Putting Data at the Core of the Human Resources (HR) Industry

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Home > Articles > Putting Data at the Core of the Human Resources (HR) Industry

 Putting Data at the Core of the Human Resources (HR) Industry

Matt Norman | General
February 26, 2021

Data has always been important, especially in the Human Resources (HR) industry.

2021 will see the Human Resource (HR) industry across Asia-Pacific finding better ways to sift through employee data by getting back to the basics. Data collected by Artificial Intelligence (AI) will become increasingly important for non-technical careers each year. If a HR professional does not understand the data they are inundated with, they would not be able to drive their company forward—and if an HR team is not data literate from the start, it is already behind. To change this, teams must start with the right data. As they sift through information, often much of what they are looking at is not relevant. Identifying the relevant and important data from the rest of the data is imperative.

As an industry, HR needs to come up with a better way to conduct the process of identifying relevant data, especially as it is related to diversity and inclusion. With a recent focus on this sector, data plays a huge role in making sure needs and numbers are met, so employees feel comfortable in their work environment and safe enough to express themselves. The onus is on the HR team and the company to go above and beyond to build the culture of inclusion and hold itself accountable to report on factors within this sector that aren’t necessarily required.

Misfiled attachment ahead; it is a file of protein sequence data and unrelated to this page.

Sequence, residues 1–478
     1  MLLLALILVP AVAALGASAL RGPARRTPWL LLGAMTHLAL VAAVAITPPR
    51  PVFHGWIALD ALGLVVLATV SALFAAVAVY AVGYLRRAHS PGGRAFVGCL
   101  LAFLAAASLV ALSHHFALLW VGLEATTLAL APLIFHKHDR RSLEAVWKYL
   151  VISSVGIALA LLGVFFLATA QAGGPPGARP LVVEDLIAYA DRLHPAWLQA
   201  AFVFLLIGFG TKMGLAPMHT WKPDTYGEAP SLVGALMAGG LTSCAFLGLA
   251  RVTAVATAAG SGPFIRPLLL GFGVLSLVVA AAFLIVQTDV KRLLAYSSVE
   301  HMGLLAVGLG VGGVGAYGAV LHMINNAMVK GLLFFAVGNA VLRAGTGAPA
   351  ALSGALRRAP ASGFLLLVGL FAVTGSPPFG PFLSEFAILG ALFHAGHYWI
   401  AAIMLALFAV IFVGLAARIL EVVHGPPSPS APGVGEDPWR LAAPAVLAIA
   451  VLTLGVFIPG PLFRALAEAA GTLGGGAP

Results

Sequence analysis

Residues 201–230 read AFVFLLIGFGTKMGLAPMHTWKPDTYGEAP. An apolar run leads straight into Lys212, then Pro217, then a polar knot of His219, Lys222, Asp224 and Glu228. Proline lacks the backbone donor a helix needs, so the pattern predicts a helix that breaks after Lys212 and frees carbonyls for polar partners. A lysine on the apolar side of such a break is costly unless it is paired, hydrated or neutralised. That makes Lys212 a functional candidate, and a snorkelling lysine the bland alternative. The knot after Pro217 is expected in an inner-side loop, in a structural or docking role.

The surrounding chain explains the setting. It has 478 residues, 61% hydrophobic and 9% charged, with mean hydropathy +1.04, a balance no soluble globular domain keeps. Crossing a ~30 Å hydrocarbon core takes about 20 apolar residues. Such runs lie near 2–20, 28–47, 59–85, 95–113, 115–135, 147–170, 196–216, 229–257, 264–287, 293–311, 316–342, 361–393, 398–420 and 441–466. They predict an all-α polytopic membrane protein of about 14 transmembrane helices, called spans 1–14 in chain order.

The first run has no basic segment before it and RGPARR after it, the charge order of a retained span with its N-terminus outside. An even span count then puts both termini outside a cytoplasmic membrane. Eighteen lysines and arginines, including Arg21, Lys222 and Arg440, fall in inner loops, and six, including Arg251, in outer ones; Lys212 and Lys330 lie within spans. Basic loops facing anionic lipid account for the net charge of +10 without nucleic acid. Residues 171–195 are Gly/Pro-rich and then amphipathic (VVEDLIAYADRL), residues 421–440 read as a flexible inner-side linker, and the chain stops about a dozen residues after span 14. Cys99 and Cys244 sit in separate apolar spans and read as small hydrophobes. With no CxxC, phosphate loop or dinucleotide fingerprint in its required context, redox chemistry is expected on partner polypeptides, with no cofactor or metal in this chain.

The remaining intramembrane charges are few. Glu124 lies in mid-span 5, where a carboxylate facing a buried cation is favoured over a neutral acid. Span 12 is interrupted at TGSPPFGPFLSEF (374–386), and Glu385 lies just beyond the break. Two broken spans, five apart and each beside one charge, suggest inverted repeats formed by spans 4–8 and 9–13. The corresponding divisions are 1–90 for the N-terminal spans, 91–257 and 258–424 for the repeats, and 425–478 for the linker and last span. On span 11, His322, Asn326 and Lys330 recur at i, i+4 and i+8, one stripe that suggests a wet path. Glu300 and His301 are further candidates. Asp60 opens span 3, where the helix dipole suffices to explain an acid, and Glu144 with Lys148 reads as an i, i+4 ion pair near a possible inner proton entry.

At its core, HR is focussed on people—and the smartest AI system in the world cannot change that. In order to understand the right data, teams—ironically enough—will need to get back to the basics. This means they should be more in tune than ever with what their companies need, where they are going, and how to build a talent strategy to support that. Data will increasingly serve as a tool driving effective decision-making and measuring outcomes. The change, however, is done by and for the people.


As Chie
f People Officer, Matt Norman leads the global people team and is responsible for building DigitalOcean’s people strategy to support the company’s continued growth, culture, innovation, and profitability. In this role, he oversees talent acquisition and development, compensation and benefits, diversity and inclusion, facilities, and employee engagement programmes.







IMAGE: SHUTTERSTOCK

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